Children exposed to farm animals, including horses, in their first year of life may be less likely to develop asthma.
A Swedish study has found that infants whose parents worked with farm animals had a 52% lower risk of asthma when they reach school age.
Babies and toddlers who were raised with dogs were found to have a 13% lower risk.
The research reviewed data on children born in Sweden from 2001 to 2010.
It included around 276,000 school-aged children, including nearly 22,000 with a parent who owned a dog during the child’s first year of life and about 950 with a parent who worked with farm animals.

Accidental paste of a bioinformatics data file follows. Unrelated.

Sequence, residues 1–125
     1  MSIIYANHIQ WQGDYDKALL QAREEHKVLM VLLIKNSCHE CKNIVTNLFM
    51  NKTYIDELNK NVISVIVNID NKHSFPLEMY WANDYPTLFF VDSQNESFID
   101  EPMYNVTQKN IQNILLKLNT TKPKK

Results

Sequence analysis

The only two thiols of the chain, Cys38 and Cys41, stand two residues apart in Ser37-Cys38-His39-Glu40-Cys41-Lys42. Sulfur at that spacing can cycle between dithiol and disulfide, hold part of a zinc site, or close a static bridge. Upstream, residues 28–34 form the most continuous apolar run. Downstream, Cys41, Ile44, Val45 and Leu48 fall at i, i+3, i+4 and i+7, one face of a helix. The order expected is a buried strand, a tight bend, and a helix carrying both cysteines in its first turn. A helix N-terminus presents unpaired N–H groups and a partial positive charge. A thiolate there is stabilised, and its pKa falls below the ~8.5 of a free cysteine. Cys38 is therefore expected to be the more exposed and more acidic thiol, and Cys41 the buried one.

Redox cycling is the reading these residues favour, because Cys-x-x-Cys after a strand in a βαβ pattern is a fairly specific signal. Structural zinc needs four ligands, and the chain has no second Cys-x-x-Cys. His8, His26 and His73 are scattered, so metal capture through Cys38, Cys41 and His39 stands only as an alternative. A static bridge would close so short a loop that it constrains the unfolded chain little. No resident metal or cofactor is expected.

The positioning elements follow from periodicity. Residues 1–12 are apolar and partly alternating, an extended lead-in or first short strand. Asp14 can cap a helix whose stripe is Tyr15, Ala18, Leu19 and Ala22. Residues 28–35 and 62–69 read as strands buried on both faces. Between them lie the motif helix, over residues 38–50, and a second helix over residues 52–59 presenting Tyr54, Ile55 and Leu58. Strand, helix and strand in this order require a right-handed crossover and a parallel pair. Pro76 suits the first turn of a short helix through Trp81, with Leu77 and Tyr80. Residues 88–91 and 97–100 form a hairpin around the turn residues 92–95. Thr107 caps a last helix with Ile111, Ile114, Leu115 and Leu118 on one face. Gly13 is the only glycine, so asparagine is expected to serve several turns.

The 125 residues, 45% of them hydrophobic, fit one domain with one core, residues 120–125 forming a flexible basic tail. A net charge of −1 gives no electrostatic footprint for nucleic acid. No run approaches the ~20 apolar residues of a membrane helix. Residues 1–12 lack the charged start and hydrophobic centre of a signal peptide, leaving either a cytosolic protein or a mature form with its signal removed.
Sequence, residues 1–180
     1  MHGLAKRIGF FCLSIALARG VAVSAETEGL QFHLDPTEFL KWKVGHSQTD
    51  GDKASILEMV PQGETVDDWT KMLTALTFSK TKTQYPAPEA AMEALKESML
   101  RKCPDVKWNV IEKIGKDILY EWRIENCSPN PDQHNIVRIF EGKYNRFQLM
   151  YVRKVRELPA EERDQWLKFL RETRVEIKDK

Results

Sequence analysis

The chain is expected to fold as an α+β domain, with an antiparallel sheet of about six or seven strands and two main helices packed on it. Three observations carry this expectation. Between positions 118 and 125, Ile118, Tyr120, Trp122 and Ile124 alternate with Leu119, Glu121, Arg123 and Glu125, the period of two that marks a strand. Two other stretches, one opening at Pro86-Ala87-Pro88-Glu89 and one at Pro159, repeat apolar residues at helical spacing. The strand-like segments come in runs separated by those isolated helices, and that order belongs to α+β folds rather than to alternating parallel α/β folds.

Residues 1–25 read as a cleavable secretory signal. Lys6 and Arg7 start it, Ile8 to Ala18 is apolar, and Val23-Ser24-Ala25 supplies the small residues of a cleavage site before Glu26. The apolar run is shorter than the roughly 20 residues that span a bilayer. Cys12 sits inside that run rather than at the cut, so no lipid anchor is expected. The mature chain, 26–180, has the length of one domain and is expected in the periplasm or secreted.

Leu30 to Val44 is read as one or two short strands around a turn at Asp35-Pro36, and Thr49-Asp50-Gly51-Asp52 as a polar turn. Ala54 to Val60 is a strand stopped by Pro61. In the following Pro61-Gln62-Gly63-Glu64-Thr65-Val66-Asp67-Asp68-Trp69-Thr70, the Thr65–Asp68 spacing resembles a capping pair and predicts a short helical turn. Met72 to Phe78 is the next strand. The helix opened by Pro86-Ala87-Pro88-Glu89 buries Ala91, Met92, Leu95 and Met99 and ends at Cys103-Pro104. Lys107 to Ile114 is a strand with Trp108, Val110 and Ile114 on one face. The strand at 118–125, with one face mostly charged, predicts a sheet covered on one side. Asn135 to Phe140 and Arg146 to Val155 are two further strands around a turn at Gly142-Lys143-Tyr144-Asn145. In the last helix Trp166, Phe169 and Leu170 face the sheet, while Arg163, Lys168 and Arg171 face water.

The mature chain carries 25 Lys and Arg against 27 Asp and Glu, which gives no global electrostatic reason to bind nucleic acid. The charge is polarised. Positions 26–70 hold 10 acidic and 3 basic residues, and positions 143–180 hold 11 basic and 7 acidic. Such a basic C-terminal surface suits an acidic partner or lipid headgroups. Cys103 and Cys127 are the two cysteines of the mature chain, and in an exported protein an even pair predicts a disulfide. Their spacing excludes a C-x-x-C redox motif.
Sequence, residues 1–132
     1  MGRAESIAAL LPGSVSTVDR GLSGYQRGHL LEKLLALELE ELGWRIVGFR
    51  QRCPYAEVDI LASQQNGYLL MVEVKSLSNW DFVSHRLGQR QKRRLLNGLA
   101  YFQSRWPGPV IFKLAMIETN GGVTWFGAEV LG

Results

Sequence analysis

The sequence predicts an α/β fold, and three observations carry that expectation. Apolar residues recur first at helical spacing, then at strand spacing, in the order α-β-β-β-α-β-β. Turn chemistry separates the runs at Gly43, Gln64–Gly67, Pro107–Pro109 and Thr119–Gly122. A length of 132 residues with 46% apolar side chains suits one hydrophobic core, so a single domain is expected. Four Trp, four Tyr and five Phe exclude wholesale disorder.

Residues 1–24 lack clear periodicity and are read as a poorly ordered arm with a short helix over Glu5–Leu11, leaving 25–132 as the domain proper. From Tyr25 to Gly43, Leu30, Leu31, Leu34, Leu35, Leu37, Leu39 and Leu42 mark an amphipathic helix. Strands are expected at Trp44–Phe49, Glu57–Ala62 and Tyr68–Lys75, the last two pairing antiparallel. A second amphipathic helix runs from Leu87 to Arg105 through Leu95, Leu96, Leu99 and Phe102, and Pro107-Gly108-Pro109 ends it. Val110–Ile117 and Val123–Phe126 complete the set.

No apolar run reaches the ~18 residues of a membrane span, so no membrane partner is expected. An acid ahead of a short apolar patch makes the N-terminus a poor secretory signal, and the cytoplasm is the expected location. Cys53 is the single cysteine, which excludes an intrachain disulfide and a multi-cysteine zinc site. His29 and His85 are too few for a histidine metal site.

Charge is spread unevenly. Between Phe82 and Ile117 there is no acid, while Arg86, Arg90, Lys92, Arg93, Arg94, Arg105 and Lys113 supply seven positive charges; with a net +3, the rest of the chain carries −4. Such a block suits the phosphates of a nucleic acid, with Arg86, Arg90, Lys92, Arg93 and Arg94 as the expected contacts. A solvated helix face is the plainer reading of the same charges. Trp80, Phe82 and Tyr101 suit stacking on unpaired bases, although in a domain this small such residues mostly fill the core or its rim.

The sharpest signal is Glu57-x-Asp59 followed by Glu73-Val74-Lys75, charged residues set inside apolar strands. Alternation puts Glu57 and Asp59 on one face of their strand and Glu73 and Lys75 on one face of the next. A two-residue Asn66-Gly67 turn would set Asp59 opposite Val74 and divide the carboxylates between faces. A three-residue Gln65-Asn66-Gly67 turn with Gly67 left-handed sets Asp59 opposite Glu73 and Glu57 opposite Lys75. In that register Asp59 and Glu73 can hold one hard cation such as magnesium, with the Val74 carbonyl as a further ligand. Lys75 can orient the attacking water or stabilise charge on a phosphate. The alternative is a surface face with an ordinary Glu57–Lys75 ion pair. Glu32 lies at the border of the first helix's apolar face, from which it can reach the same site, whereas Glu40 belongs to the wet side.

The study was not designed to find out why the animals might be linked to a reduced asthma risk, but researchers believe it is due to a variety of factors.
“One of the main hypotheses at the moment is that children in animal environments breathe air that contains more bacteria, which actually could lower their risk of asthma,” lead researcher Tove Fall of Uppsala University told H&H.
Erica Kennington of Asthma UK said more research is needed.
“This will help us better understand the effects so that it can be turned into practical advice for parents of young children.”
Ref: H&H 19/11/15